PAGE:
The piece evolved into a more meaningfully written script and, as Higgins considered the film’s potential impact, he decided to pursue its production as a short film to shed light on veterans’ struggles returning home to a mentally and emotionally safe space.
“How do we have this conversation and embed it in something artistic, something creative, so that people might be afforded the opportunity to have a cathartic experience that opens their understanding,” Higgins said, “or makes space for that conversation?”
A fateful phone call
“That horse,” veteran Josh Townsend says in the early moments of the trailer, “it really helps with that head and heart disconnect.”
Kristen Marcus, CHAPS’ executive director of six years, understands how horses can mend anything broken between head and heart.
Marcus remembers she drove her daughter to the airport for a flying lesson in early spring 2019 when a California phone number popped up on her phone. She thought it was strange and let the call go to voicemail then listened to Higgins explain his therapeutic riding, veteran-focused film.
Higgins hadn’t even completed his second phone call to another ranch before Marcus called him back, and they chatted for an hour about the project.
Marcus jumped on board.
“I feel deep in my soul it was meant to be,” she said.
As a self-proclaimed life-long “horse person,” Marcus found refuge in horses in high school and understands their therapeutic benefits because her daughter lives with cerebral palsy and rides as part of her therapy. She promised Higgins the Sheridan community would rally around his cause.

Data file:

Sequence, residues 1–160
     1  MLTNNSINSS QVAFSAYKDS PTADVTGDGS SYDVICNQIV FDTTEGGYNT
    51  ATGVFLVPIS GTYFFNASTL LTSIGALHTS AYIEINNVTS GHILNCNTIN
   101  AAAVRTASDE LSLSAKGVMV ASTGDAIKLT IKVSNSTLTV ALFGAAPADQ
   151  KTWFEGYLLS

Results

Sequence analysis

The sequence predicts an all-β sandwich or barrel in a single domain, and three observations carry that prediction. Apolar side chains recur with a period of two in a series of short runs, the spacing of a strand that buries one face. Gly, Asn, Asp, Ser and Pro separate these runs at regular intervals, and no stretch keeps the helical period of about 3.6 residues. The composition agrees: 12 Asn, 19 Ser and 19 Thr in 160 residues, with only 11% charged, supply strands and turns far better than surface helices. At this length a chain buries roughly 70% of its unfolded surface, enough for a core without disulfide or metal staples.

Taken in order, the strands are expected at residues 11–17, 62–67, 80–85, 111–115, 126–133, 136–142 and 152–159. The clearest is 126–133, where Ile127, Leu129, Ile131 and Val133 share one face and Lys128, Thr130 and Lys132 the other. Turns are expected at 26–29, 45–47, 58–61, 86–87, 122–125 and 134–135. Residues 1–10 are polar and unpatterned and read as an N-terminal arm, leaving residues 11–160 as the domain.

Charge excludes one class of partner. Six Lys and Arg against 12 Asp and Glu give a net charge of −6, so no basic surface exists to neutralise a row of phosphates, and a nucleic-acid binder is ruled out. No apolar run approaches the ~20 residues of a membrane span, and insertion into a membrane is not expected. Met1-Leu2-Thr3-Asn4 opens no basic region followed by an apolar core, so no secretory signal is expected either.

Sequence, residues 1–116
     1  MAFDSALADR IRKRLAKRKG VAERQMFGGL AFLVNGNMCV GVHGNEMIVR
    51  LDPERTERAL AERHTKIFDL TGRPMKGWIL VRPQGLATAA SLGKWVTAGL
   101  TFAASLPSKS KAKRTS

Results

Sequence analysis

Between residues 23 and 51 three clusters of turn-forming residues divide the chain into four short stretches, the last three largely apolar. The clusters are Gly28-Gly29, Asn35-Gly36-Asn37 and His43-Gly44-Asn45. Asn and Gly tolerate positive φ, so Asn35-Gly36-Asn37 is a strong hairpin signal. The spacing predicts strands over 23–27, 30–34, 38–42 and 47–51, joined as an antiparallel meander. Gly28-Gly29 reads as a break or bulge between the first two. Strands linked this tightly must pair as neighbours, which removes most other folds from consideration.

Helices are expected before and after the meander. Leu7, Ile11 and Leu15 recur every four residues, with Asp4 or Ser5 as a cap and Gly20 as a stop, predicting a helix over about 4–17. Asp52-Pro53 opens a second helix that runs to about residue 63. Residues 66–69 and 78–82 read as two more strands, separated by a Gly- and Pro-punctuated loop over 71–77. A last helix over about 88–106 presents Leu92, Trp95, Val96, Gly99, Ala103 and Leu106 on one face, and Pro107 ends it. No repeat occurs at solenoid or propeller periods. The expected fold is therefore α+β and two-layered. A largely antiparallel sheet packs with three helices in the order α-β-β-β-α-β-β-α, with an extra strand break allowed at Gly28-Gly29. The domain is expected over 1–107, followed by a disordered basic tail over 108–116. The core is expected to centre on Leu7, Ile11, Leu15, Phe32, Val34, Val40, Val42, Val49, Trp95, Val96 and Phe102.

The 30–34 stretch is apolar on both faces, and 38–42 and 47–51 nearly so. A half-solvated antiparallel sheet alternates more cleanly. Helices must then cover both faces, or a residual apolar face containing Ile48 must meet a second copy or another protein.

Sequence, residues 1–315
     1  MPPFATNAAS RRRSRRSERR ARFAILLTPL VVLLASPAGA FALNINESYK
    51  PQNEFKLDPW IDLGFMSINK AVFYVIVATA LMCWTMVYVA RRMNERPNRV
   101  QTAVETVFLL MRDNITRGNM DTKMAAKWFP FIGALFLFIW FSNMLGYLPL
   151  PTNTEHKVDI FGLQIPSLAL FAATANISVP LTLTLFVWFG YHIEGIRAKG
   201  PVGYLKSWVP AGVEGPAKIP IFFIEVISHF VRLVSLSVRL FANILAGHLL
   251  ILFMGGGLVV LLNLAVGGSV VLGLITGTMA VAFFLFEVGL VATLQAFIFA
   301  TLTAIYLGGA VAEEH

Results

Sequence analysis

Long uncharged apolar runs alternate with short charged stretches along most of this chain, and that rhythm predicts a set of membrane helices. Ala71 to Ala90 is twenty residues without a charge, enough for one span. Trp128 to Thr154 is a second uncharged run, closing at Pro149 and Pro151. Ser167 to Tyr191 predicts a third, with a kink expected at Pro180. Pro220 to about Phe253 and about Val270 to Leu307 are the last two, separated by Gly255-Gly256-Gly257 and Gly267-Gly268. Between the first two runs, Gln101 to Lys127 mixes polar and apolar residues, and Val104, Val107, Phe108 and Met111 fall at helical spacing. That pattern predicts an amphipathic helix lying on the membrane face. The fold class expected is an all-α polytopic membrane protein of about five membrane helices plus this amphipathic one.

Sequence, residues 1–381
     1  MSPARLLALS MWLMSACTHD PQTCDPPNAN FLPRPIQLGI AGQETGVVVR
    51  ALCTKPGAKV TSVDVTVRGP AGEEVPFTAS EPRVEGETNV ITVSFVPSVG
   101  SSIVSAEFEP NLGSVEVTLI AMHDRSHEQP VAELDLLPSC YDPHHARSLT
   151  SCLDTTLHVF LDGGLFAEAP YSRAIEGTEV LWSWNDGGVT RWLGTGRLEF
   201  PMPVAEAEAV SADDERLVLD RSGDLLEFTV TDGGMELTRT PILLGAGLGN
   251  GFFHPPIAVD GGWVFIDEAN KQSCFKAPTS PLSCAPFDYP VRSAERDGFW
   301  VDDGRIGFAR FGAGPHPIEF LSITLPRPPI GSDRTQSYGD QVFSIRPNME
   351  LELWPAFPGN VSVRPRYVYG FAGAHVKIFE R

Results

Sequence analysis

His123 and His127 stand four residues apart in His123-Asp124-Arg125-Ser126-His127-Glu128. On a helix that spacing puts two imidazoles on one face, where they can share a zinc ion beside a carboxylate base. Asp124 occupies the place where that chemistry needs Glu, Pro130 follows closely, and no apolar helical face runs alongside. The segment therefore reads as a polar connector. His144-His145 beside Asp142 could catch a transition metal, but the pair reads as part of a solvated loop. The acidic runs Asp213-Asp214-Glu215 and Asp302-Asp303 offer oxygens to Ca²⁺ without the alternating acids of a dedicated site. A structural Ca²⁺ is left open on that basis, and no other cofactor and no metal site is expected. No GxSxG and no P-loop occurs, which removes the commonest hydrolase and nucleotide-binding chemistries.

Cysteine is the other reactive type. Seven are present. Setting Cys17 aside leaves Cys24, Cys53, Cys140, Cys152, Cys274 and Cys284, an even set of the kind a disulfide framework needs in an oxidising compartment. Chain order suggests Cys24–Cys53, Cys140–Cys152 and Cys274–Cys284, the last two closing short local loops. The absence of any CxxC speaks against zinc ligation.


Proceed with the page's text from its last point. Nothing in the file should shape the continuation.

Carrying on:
Marcus spearheaded an effort to help fund the 22-person crew’s stay at Sheridan College and loaned her personal horse, Legacy, to Higgins to use in the film.
The film, in turn, donated 5% of every dollar raised to CHAPS and funded 24 veterans’ participation in the organization's 2019 summer program.
Marcus had to work with the crew’s location requests, as she continued to serve CHAPS’ clientele at the barn and in the arena during filming. But she stayed up with the team until 2 a.m. some nights and woke up at 2 a.m. other mornings, wanting to help.
“Even though it’s fictional, [the film] still has the opportunity to spark conversation and to drive people’s interest into getting more involved,” Marcus said, “and to learn more about how and why [therapeutic riding] works.”
James Brown III read Higgins’ first draft of “Early Light,” developed under the working title of “Hidden Wounds project,” and thought it was a “perfect film” to invoke conversation around all forms of PTSD.
Though a longtime friend of Higgins, Brown didn’t know much about equine therapy and had never traveled to Wyoming from his home base in New York. He remembers arriving in Sheridan and shooting as the seasons changed from spring to summer, while the sky shone blue over the still snow-capped mountains.
William Dunn, a fellow-UW alumni and college friend of Higgins, grew up in Wyoming for most of his childhood and jumped at the chance to work on “Early Light” even after he spent time in Los Angeles and had soured on movies.